The media’s bubble-banter goes on at full pace, but when you look at what the RBA is actually saying, they’re not worried about a bubble. They don’t even think the market is particularly expensive…
The Australian media’s fascination with a bubble is one part laziness, one part incompetence, and 3 parts deliberate deception.
The reports about the RBA’s announcement last week that they’re considering macro-prudential policies continues to be reported under the banner of a bubble. This headline from the SMH over the weekend summed it up:
“Bubble-busting: macroprudential for home loans explained”
And repeat a lie long enough it becomes truth. Property Observer (who could never be accused of being anti-property) ran with the heading last week:
“RBA’s bubble warning doesn’t apply to South East Queensland”
I know I’m pushing shit up a hill with a tennis racquet, but let me say it again so at least my readers know the truth.
There is NO BUBBLE.
The RBA DID NOT ISSUE a ‘bubble warning.
The RBA IS NOT WORRIED about a bubble.
But to understand this, you’d actually need to do some journalism. Not any risky, wearing a wire to a meeting with the mafia kind of journalism.
No nothing like that. All you’d have to do is actually read what the RBA said. It looks like almost none of the reporters have done this.
For your benefit, I picked it apart last week here. I know a lot of you probably missed it with the long weekend, but then on Friday I laid out why I thought the media bias actually reflected a deliberate cover-up by the banks. (I expect I should win an award for investigative journalism for this one. It doesn’t look like the competition’s that tough.)
The short of it is that the RBA isn’t worried about a bubble. They’re not worried about house prices. They’re worried about banks’ lending practices, and if they might be slipping below the grade.
So what does the RBA actually think about house prices?
Well, Assistant Governor Malcom Edey fronted the government Inquiry into Affordable housing late last week to spell out the RBA’s official line.
What’d he say? Here’s the high-lights…
“A useful summary measure (of affordability) is the repayment on a typical new housing loan expressed as a ratio to disposable income. On that metric, housing affordability in Australia has fluctuated around a broadly stable average over the past three decades, with average repayments varying between around 20 and 30 per cent of disposable incomes…
…To summarise these stylised facts:
- the ratio of housing prices to incomes is at the top of its historical range; but
- over time, this has been more than offset by falls in financing costs, so that the typical repayment burden as a share of income is not particularly high. This of course does not rule out affordability problems in particular market segments or for particular types of households.”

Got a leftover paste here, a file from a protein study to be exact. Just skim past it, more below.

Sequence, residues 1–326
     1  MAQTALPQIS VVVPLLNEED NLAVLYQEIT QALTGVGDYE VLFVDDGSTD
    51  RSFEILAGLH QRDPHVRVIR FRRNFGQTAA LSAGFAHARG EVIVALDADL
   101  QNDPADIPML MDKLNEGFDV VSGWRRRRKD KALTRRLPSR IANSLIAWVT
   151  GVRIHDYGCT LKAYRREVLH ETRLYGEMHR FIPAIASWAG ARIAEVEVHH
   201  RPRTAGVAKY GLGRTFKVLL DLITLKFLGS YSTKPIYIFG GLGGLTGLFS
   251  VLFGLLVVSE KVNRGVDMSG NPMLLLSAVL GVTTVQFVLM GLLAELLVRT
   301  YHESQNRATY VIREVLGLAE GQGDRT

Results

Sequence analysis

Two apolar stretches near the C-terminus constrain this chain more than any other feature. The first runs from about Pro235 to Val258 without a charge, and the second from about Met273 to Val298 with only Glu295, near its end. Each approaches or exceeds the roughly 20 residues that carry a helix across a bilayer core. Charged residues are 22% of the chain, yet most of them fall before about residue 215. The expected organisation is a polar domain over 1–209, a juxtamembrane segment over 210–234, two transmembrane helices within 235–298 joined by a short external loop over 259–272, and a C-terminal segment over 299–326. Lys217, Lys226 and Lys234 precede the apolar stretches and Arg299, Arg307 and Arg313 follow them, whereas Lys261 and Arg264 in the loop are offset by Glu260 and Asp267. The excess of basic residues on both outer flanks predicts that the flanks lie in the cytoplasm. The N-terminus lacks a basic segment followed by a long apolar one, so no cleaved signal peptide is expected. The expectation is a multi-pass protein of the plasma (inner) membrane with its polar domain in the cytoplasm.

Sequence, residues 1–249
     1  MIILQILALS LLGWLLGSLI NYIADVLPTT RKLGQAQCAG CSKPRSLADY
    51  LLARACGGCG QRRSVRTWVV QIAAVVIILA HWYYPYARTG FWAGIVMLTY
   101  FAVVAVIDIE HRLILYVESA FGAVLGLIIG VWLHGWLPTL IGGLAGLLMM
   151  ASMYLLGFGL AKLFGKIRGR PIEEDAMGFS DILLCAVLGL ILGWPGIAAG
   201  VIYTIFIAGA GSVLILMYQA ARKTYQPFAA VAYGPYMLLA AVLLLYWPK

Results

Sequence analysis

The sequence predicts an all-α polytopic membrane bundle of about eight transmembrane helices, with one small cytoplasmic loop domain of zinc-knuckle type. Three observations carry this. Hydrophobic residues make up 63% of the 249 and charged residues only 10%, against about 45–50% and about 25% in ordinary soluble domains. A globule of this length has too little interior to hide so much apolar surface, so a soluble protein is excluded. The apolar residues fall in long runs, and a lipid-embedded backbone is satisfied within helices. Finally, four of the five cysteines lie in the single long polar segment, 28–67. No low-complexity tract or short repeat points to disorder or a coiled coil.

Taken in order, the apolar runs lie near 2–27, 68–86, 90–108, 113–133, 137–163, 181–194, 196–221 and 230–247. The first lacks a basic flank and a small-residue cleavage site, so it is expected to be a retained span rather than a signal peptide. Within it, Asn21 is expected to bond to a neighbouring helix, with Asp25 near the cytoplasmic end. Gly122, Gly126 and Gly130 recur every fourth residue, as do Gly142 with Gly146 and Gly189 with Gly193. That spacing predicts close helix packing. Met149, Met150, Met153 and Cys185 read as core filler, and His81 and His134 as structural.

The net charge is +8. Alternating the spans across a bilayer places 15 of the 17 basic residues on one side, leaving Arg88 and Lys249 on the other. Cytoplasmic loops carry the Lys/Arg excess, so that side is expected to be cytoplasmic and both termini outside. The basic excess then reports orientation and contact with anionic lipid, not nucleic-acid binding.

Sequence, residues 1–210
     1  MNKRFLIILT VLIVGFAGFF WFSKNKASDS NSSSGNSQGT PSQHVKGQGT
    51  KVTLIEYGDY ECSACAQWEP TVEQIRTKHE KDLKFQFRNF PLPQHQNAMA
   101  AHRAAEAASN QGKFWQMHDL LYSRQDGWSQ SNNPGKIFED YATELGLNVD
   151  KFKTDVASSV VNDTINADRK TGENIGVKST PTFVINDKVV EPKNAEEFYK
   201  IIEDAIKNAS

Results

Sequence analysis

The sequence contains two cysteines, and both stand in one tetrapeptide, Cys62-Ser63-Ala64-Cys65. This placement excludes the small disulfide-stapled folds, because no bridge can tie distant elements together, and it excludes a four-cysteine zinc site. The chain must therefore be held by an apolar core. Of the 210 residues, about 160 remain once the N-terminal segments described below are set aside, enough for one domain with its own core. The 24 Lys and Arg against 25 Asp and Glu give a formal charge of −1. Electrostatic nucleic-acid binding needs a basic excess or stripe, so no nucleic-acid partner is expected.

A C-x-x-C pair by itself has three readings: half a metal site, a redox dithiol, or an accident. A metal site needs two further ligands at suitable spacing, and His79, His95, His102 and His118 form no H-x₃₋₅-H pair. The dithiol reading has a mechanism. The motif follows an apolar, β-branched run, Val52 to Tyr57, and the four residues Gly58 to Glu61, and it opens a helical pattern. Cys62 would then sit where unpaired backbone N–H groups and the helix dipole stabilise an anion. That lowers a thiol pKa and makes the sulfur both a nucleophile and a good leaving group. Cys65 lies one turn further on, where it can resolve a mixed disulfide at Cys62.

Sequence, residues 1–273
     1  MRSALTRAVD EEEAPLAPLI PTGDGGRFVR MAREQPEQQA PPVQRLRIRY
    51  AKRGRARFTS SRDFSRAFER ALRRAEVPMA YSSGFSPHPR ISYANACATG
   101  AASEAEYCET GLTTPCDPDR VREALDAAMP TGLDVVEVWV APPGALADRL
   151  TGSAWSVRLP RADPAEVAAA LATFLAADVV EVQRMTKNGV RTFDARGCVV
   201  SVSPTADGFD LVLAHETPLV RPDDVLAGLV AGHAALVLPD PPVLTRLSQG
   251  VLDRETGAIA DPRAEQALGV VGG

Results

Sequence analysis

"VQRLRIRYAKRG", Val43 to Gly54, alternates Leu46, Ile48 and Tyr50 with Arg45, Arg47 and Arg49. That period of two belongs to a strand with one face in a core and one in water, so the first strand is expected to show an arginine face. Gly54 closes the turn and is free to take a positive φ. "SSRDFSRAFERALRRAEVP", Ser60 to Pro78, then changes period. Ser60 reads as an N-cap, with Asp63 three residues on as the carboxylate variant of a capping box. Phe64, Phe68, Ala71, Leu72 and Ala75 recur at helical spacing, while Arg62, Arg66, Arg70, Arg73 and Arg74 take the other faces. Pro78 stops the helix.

So he’s saying sure, compared to income, house prices are a little bit expensive. But they’re not out of line with historical averages, and on these measures, there have been times when they’ve been more expensive in the past.
What’s more, over the past three decades we’ve had a massive opening up of the financial sector and falling interest rates, so credit has become a lot cheaper.
The fall in the cost of credit has been bigger the rise in house prices, so the net effect is that “the typical repayment burden… is not particularly high.”
Noticed how he used the word ‘bubble’ to describe house prices?
Neither did I.
Not only is there no bubble, but as far as the RBA’s concerned, house prices aren’t even that expensive.
Sure, it might be tough for ‘some segments’ – first home buyers or lower-income households. But the market as a whole doesn’t appear to be expensive.
So how can there be a bubble in a market that isn’t expensive?
There can’t. If the RBA isn’t worried about the market being a tad expensive, then they can’t be worried about a bubble.
Therefore, THE RBA IS NOT WORRIED ABOUT A BUBBLE!
(am I going blue in the face?)
Is the RBA worried about anything? Well they’ve got their eye on the banks as I said, but they’re also worried about supply over the longer run.
… supply factors are critically important. It is the supply response that determines the extent to which additional demand results in higher prices over time.
Our submission highlights that Australia faces a number of longstanding challenges in this area, including regulatory and zoning constraints, inherent geographical barriers and the cost structure of the building industry. There are also obstacles to affordable housing created by Australia's unusually low-density urban structure, though this is gradually changing.
…The general point I would make is that we can't improve housing affordability simply by adding to demand… without a supply-side response, any generalised increase in demand will just be capitalised into prices.”
Exactly right. I’ve made this point more than once. There is a policy-bias across the political spectrum to try and cover over affordability problems caused by a lack of supply, by simply throwing money at certain buyers segments (First Home Owner Grants etc.)
But unless supply increases as well, all you get is a rise in prices. But I don’t reckon we’ve seen the last of them (look out for plans to allow FHBs to dip into their super for a deposit), or the last of policy-induced price rises.
But that’s a story for another day.
The key take home is that the RBA is not worried about a bubble. The don’t even think that the market’s expensive.
Can someone please tell NewsCorp and Fairfax?